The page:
To accomplish this, we’ll focus most of our attention on the Animation class. Previously we saw that an Animation can be built from a Tween and an AnimationController. However, they can also be built using other animations! The animations that we’ve seen so far are linear animations — that is, the value changes linearly with respect to the duration of the animation. CurvedAnimation gives us the ability to describe many other animation functions using a Curve (there are lots of built-in curves like ease, decelerate, and bounceInOut).

Here’s an example:

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heightAnimation = Tween(
  begin: 0.0,
  end: 1.0,
).animate(
  CurvedAnimation(
    parent: controller,
    curve: Curves.easeInOut,
  ),
);

In order to orchestrate our bottom sheet animation with our label animation, we’ll use another type of curve called Interval. This curve condenses tween values to a subset of the overall duration, allowing us to run staggered animations one-after-another from the same controller. Let’s wrap our curve in an Interval which runs during the first half of the overall duration:

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heightAnimation = Tween(
  begin: 0.0,
  end: 1.0,
).animate(
  CurvedAnimation(
    parent: controller,
    curve: Interval(
      0.0,
      0.5,
      curve: Curves.easeInOut,
    ),
  ),
);

Next we’ll create another animation to handle the label’s opacity:

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opacityAnimation = Tween(
  begin: 0.0,
  end: 1.0,
).animate(
  CurvedAnimation(
    parent: controller,
    curve: Interval(
      0.6,
      1.0,
      curve: Curves.slowMiddle,
    ),
  ),
);

Here’s our final product:

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class StaggeredAnimation extends StatefulWidget {
  @override
  _StaggeredAnimationState createState() => _StaggeredAnimationState();
}
class _StaggeredAnimationState extends State<StaggeredAnimation> with SingleTickerProviderStateMixin {
  AnimationController controller;
  Animation heightAnimation;
  Animation opacityAnimation;
  @override
  void initState() {
    super.initState();
    controller = AnimationController(
      vsync: this,
      duration: const Duration(milliseconds: 500),
    );
    heightAnimation = Tween(
      begin: 0.0,
      end: 1.0,
    ).animate(
      CurvedAnimation(
        parent: controller,
        curve: Interval(
          0.0,
          0.5,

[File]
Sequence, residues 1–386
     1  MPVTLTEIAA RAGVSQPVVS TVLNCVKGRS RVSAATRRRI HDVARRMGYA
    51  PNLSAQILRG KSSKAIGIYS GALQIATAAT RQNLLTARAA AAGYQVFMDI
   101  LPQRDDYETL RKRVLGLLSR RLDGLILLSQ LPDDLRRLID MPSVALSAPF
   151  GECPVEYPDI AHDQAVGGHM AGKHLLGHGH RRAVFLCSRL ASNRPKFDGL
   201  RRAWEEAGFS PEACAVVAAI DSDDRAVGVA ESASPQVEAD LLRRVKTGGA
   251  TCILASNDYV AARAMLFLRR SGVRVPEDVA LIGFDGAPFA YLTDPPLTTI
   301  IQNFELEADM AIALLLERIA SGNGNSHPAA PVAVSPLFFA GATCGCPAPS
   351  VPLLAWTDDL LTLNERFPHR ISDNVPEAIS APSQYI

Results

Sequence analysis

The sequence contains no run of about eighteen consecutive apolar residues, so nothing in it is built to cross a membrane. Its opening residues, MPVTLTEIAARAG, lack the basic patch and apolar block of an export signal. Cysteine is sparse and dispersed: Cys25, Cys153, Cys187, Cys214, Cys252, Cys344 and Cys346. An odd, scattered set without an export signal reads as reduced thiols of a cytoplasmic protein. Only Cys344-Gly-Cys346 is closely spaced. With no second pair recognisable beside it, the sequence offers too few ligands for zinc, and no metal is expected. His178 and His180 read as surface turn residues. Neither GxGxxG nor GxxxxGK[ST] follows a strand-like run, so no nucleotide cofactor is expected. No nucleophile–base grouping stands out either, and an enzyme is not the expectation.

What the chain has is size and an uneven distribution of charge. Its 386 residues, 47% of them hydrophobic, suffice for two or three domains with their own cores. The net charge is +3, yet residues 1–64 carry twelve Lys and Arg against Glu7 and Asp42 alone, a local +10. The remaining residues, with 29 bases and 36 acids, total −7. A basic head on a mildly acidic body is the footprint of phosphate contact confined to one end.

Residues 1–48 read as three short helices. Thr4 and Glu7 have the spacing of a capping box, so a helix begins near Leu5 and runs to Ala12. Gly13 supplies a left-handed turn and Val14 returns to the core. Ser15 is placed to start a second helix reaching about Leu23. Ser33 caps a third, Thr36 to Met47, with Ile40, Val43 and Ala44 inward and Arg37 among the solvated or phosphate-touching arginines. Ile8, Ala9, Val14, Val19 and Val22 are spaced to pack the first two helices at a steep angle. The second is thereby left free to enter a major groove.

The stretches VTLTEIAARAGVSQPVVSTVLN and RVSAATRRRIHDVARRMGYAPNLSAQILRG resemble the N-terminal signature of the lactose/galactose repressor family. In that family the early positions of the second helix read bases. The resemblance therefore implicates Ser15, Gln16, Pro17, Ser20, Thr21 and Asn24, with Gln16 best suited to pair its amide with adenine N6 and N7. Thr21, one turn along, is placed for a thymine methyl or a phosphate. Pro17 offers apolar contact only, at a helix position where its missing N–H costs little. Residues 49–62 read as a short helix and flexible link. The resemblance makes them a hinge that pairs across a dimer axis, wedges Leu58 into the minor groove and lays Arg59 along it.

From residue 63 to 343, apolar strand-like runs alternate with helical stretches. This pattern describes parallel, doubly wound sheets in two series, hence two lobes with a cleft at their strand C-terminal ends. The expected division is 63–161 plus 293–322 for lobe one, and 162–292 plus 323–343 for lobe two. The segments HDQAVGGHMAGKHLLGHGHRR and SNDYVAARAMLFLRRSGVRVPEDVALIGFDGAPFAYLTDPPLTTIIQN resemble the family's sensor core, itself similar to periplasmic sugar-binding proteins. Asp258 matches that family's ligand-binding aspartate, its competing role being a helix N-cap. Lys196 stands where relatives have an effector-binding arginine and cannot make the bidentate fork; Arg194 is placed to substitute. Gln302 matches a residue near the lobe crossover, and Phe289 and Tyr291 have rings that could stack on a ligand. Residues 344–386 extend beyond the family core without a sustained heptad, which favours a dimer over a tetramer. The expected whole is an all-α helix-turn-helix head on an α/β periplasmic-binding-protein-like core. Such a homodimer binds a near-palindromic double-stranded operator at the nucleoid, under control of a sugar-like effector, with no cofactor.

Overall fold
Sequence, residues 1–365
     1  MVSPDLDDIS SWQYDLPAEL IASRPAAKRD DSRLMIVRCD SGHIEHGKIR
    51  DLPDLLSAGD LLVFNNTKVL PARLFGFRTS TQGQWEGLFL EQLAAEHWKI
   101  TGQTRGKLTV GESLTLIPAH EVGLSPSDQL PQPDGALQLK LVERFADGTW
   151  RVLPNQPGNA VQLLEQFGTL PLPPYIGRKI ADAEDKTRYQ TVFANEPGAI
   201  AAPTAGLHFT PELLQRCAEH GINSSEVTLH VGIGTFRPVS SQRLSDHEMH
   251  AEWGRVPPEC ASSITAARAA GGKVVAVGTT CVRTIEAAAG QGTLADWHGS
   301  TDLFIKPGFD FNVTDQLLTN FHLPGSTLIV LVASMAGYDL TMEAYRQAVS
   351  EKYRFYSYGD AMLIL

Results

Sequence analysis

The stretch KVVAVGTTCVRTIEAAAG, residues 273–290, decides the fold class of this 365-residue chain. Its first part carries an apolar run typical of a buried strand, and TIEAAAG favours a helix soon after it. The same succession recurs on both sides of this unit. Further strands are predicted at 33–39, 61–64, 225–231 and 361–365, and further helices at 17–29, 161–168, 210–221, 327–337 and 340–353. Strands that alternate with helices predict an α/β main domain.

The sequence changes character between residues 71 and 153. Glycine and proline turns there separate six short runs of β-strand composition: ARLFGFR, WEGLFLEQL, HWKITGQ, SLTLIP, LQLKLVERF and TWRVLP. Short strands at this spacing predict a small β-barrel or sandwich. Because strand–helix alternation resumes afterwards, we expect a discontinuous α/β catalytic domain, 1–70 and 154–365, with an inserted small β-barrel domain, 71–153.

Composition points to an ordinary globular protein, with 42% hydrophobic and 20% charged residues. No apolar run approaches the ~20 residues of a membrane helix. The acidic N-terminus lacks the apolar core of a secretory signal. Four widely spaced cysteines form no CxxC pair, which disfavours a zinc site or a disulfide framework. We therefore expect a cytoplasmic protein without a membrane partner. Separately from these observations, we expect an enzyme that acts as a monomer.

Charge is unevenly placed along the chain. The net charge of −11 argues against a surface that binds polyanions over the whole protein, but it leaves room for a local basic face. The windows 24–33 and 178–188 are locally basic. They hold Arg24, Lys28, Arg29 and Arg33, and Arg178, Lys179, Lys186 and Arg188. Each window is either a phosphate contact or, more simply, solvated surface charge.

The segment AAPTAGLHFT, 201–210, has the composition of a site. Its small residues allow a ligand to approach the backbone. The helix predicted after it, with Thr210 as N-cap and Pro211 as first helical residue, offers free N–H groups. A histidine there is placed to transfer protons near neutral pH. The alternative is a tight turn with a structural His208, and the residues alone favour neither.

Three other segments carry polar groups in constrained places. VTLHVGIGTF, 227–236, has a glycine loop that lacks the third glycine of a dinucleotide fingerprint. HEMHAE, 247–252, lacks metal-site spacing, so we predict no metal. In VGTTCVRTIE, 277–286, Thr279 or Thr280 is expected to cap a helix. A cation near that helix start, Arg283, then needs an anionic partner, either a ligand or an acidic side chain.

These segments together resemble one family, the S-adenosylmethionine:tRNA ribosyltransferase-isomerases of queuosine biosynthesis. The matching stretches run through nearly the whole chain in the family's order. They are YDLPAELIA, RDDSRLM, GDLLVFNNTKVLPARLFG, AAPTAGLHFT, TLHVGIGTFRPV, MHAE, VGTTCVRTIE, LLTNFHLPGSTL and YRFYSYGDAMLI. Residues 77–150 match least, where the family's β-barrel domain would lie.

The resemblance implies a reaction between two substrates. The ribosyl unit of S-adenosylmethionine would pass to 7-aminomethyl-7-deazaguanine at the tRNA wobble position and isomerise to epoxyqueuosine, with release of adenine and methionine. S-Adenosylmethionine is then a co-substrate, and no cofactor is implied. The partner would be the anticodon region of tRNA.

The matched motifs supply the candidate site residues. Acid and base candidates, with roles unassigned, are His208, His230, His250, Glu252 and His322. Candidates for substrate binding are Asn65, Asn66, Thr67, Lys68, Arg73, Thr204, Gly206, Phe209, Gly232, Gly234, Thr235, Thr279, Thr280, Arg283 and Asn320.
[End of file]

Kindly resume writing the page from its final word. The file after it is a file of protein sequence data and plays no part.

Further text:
curve: Curves.easeInOut,
        ),
      ),
    );
    opacityAnimation = Tween(
      begin: 0.0,
      end: 1.0,
    ).animate(
      CurvedAnimation(
        parent: controller,
        curve: Interval(
          0.6,
          1.0,
          curve: Curves.slowMiddle,
        ),
      ),
    );
  }
  @override
  void dispose() {
    super.dispose();
    controller.dispose();
  }
  @override
  Widget build(BuildContext context) {
    return GestureDetector(
      onTap: _toggleBottomSheet,
      child: LayoutBuilder(
        builder: (context, constraints) => AnimatedBuilder(
          animation: controller,
          builder: (context, child) => Stack(
            alignment: Alignment.bottomCenter,
            children: <Widget>[
              Container(
                color: Color(0xFFAACCEE),
              ),
              Container(
                alignment: Alignment.center,
                height: _bottomSheetHeight(constraints),
                color: Color(0xFFEECCAA),
                child: Opacity(
                  opacity: _labelOpacity(),
                  child: Text("hello flutter animations!"),
                ),
              ),
            ],
          ),
        ),
      ),
    );
  }
  _bottomSheetHeight(BoxConstraints constraints) {
    return constraints.maxHeight / 2 * heightAnimation.value;
  }
  _labelOpacity() {
    return opacityAnimation.value;
  }
  _toggleBottomSheet() {
    if (!controller.isAnimating) {
      if (controller.isDismissed) {
        controller.forward();
      } else {
        controller.reverse();
      }
    }
  }
}

If you’re interested in seeing what else we’re doing with Flutter at Atomic Robot, come take a look!